Are you trying to search this large file of records on disk, or is it loaded into memory?
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shawn857Author Commented:
Thanks guys...

Geert - I am still on D7, appears OmniThreadLibrary needs Delphi 2007 at least.

Kfoster - I am reading from disk always... I never load into memory. And I must search *each* line (or record) for all the substrings.

Thanks!
    Shawn
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Kyle FosterCEOCommented:
So basically, you need to search gigabytes of strings for a given string on disk.  Personally, I would first get this working, and then try and put a memory cache in the middle.

While it is no longer being maintained, AsyncCalls is an open source Delphi 7 compatible library that manages a thread pool.  While I have  not tried to use it, I believe the following article on delphi.about.com is doing basically what you are trying to do.

http://delphi.about.com/od/kbthread/a/delphi-thread-pool-example-using-asynccalls.htm

Also, just because 10 threads speeds up the process, does not mean that 10,000 will speed it up 1000 times more.  The following blog explains thread optimization
http://blogs.technet.com/b/markrussinovich/archive/2009/07/08/3261309.aspx

Good Luck.
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shawn857Author Commented:
Thanks kFoster... I will have a look at that AsyncCalls. I'm pretty new to threading though.. it might be over my head.

You also mentioned about "putting a memory cache in the middle". Could you explain a bit what that is exactly?

Thanks!
   Shawn
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Kyle FosterCEOCommented:
A memory cache is used to put pieces of the file into memory as you are reading it.  When you do a search, your routines would need to first check to see if the file has changed since the data was stored (Cached) into memory.  If it was, then the cache is dumped and not used, if it hasn't changed then you search through the memory cache instead of reading the disk.  Disk reads are time expensive, where memory is not.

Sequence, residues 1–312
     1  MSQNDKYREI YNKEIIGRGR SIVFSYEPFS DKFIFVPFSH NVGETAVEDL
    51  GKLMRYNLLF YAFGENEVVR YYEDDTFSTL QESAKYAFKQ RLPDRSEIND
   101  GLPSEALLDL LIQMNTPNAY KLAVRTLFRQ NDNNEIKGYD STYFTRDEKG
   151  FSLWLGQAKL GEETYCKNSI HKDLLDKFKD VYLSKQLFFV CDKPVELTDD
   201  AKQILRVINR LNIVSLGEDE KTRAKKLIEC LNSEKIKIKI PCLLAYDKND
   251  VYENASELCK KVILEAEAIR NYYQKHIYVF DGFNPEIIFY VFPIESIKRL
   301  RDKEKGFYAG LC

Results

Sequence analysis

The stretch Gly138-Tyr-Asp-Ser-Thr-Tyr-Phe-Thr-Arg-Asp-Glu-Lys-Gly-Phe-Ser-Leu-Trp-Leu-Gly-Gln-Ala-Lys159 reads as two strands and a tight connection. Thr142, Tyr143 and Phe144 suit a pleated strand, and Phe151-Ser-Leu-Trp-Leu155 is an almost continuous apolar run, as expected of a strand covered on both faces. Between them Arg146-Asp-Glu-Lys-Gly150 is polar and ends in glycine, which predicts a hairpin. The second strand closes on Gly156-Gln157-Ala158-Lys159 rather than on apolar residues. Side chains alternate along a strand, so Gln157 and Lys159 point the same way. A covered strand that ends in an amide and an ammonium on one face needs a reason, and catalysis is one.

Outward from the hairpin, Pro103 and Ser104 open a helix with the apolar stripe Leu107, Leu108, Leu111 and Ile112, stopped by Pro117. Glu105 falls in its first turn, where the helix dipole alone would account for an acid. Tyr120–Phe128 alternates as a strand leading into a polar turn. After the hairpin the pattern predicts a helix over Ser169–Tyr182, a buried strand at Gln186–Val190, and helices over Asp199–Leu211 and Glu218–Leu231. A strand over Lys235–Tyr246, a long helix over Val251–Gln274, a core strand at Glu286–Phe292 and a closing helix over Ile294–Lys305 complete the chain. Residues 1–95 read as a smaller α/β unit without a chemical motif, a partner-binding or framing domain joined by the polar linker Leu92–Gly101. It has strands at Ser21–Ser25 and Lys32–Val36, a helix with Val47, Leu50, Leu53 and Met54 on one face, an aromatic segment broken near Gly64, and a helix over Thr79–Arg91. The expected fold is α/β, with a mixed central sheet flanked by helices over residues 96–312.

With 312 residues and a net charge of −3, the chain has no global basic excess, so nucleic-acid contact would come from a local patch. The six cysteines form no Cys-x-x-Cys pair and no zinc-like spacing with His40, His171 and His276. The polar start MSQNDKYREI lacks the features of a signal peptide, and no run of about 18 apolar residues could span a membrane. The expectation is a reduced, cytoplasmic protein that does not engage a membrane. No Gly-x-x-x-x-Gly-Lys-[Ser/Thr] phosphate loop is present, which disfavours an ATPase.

If you are reading a file that is changing a lot, then the cache is probably not useful, but if it doesn't change much then it will greatly improve your performance.  

If it is new, and you haven't done threading then it may be more than you want to tackle.  Also, with today's operating systems and smart drives a lot of this is cached anyway.
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shawn857Author Commented:
Thanks kfoster. My file's data does not change - it's just a static "flat file".. but it could be very large (many gigs) so it's not practical to hold it all in memory at once. I do already read in a sizable chunk of this file at a time into a buffer using TFileStream (65000+ bytes for each read), and then parse each block line-by-line (looking for CR/LF's to detect the end of each line). This would kinda be like the "memory cache" approach you mention, no?

Thanks
    Shawn
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Geert GOracle dbaCommented:
depending on what you want to give your users
you could go for a text solution like this:
http://www.oracle.com/technetwork/database/12coracletexttwp-1961244.pdf
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shawn857Author Commented:
Thanks Geert, but that would be a whole other can of worms, it seems. Maybe a bit "overkill".

Thanks
   Shawn
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Kyle FosterCEOCommented:
Why not just import the text file into a table in SQL Express and let the RDMS do the work?

Select fieldname from tablename where fieldname like '%strtofind%'

No need to reinvent the wheel since your table is static.  SQL Express is free for databases up to 10GIGS
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MerijnBSr. Software EngineerCommented:
Is this correct? I haven't been participating in the discussion for about a month but do get all the points?
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shawn857Author Commented:
Yours was the best solution after all was said and done Merijn!

Thanks
   Shawn
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MerijnBSr. Software EngineerCommented:
ok, glad to hear it worked :)